“No two trees are the same and no two job sites are the same,” says Wagener. “We own a lot of equipment and rent what we need on top of that.” (See sidebar for equipment list.)

Urban Timber counts the prestigious Portland Art Museum as an annual client, pruning its trees that line two city blocks. The 30 or so trees include Norway maple, Bradford pear, white ash, elm and hornbeam. The company also works regularly with a film production company that shoots in Portland. “We prune trees to open up a view for a scene, for example,” says Wagener. “This commercial work is not a huge part of our business right now, but I’d like to expand into colleges, golf courses, graveyards, that type of place. We’re working to increase that.”

Wagener and his crew also work with clients to educate them about plant health care. The area can see heat blooms where the temperatures rise so high the trees are “literally cooking,” he says, adding they are investigating the use of deep root fertilizers and other materials to aid the trees. “So, as we build our client base, we’re also building out residual services to both residential and commercial clients.” 

In addition, when storms hit, the city refers callers looking for help to Urban Timber. And commercial clients, including several property management companies, also call on the company for assistance when disasters strike. 

Answering the call

According to Wagener, the gravity of some of the storms Portland has endured the last few years is hard to comprehend. He and his team created crisis protocols — triaging the incoming calls and ensuring the supply of workers and equipment is sufficient to handle the major influx of clients they get during a storm. He says the process has been working well. 

“During the storm of Jan. 9, we had torrential rain, then wind, then ice, then more wind. This is the worst combination for the shallow-rooted fir trees. We had 60 mph wind gusts. Add a saturated root system and the weight of ice, … and we’re on clay, where roots don’t penetrate … trees were toppling left and right.” 

Wagener lives on a hill in a forested area, which offers a good gauge of what the area is experiencing. He says if he can get up his driveway without putting his truck into four-wheel drive, then he can better weigh what will be needed.

“I usually drive around the city looking at the devastation, but I couldn’t even leave my own house for a time. A giant tree was down on one side and three power lines on the other. I had to cut my way out of my neighborhood, which was just the tip of the iceberg,” he adds.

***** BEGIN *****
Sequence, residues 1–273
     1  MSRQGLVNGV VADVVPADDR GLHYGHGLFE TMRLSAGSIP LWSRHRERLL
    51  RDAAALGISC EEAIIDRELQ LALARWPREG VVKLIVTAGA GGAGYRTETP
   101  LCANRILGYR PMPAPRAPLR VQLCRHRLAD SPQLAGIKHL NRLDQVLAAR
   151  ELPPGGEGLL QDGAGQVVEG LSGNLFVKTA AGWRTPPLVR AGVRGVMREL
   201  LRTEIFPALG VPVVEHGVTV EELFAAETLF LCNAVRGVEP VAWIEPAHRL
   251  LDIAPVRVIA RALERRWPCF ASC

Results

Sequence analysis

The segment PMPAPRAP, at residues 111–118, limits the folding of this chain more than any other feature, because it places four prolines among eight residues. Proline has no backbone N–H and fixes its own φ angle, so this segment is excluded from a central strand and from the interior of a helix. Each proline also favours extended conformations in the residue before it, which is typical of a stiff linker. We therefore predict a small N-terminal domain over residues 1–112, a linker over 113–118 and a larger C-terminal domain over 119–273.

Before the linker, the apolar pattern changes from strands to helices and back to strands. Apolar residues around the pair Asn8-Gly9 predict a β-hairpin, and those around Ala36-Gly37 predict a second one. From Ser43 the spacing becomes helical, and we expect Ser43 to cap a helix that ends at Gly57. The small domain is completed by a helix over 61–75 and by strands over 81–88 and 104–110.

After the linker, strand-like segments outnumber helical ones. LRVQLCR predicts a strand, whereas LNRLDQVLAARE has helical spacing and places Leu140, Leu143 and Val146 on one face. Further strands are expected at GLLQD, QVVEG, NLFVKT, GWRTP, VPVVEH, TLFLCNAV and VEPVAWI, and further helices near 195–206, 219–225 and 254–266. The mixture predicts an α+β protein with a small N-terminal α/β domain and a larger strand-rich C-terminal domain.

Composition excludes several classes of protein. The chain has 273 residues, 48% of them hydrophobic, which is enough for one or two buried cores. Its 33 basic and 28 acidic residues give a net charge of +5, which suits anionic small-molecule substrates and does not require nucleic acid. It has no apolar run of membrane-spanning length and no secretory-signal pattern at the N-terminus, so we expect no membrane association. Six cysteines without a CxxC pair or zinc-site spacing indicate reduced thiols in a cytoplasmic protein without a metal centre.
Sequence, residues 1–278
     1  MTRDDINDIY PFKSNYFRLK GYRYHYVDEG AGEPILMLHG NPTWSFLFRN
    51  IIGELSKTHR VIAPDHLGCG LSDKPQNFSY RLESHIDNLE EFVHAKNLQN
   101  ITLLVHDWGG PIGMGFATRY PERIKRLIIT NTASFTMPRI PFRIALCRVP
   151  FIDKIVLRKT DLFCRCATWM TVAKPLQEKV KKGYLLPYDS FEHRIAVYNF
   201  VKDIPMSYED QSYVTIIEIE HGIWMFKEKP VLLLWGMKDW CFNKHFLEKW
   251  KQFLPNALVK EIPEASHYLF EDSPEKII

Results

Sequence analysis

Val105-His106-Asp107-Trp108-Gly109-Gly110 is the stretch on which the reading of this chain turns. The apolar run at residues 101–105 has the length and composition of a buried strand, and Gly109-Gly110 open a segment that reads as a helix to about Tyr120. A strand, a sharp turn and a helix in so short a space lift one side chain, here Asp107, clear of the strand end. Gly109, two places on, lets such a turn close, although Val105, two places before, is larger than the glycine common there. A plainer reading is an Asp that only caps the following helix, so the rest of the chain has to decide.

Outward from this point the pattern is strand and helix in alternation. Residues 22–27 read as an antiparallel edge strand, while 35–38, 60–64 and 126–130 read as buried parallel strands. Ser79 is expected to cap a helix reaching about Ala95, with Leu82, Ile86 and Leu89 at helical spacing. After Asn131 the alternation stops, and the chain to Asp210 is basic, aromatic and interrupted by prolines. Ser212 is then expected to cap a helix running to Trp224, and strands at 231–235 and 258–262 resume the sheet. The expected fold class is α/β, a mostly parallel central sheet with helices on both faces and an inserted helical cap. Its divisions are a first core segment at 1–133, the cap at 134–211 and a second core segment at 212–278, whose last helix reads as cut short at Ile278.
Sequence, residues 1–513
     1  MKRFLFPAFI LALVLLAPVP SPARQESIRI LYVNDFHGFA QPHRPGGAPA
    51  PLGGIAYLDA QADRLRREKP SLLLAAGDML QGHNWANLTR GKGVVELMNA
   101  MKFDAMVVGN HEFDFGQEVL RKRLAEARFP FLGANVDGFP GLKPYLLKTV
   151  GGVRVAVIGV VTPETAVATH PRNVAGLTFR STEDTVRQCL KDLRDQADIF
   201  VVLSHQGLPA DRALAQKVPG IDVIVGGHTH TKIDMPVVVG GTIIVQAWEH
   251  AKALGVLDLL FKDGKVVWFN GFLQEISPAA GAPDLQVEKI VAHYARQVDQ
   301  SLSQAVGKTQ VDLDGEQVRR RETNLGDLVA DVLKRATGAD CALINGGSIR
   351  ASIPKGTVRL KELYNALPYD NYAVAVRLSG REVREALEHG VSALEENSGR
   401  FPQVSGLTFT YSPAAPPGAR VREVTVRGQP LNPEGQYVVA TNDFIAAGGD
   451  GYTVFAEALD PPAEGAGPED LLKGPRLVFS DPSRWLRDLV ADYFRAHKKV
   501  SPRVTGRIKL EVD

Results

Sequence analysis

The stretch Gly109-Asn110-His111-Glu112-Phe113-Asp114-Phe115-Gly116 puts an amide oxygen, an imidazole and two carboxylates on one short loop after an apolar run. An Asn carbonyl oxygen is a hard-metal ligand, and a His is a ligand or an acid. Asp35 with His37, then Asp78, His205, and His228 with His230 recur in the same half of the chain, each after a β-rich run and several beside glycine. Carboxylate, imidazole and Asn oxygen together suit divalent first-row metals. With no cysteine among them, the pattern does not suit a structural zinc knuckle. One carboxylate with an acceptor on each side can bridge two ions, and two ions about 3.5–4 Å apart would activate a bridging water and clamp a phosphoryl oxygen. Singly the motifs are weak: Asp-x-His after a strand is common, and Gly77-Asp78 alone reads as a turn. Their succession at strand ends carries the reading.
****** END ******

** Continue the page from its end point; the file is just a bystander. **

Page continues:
When a storm like the January 2024 behemoth comes through, knocking out up to one-third of the city’s trees, all other trees are subject to wind throw, Wagener says. “They are normally protected by the trees that came down, so we examine the remaining trees, do corrective pruning and weight reduction and back that up with deep root fertilizer (a blend of nitrogen, sulfate and phosphate) injected under the tree’s root system strengthening them and aiding their overall health,” he says. 

In addition, Wagener regularly brings in an OSHA trainer to review safety techniques especially around advanced rigging techniques and aerial rescue. If a tree climber can’t get down for whatever reason, no one else can get him down except another arborist. 

Top-notch equipment

Urban Timber owns an array of specialized equipment that Wagener says is top-of-the-line.

“We have an array of Stihl chain saws, blowers and drills and more,” he says. “We have specialized rigging equipment like GRCS large to small rigging blocks and thousands of feet of ropes in a range of sizes.”

Their personal protective equipment includes Kask helmets fitted with communications equipment, Arbortech chain saw pants, glasses, atlas gloves and lightweight boots. He explains that climbing equipment differs from climber to climber, and his includes a tree motion saddle climbing harness, 200 feet of Tango Poison Ivy 11 mm rope, ART SpiderJack III ascender, Gecko spurs, Silky Zubat hand saw.

Urban Timber also relies on an extensive lineup of machinery including a 2021 Avant 640 loader with an array of Avant attachments including a screw cone log splitter, root grapple, timber grab grapple and a stump grinder. For a skid-steer and attachments, they are set up with a 2016 Vermeer S725TX with quick attach forks, log grapple, bucket and stump grinder.

The team always has brush and debris to get rid of and for that they use multiple models of Bandit Intimidator wood chippers. To get crew members safely into high locations, they utilize an All Access 83HD Arbor Pro spider lift.

Well-equipped and well-trained means an efficient crew serving the Portland area that’s dedicated to sustaining the health of the local canopy and picking up the pieces that severe weather events leave behind.

“We aren’t just about cutting trees down,” Wagener says. “We are preventive and like to save them. It’s easy to call an arborist when you have a dangerous tree hanging over your house, but I’ve seen so many of the trees we care for survive storms time and time again because of our use of deep root fertilizer and pruning judiciously. They’re standing strong when others around them are coming down.”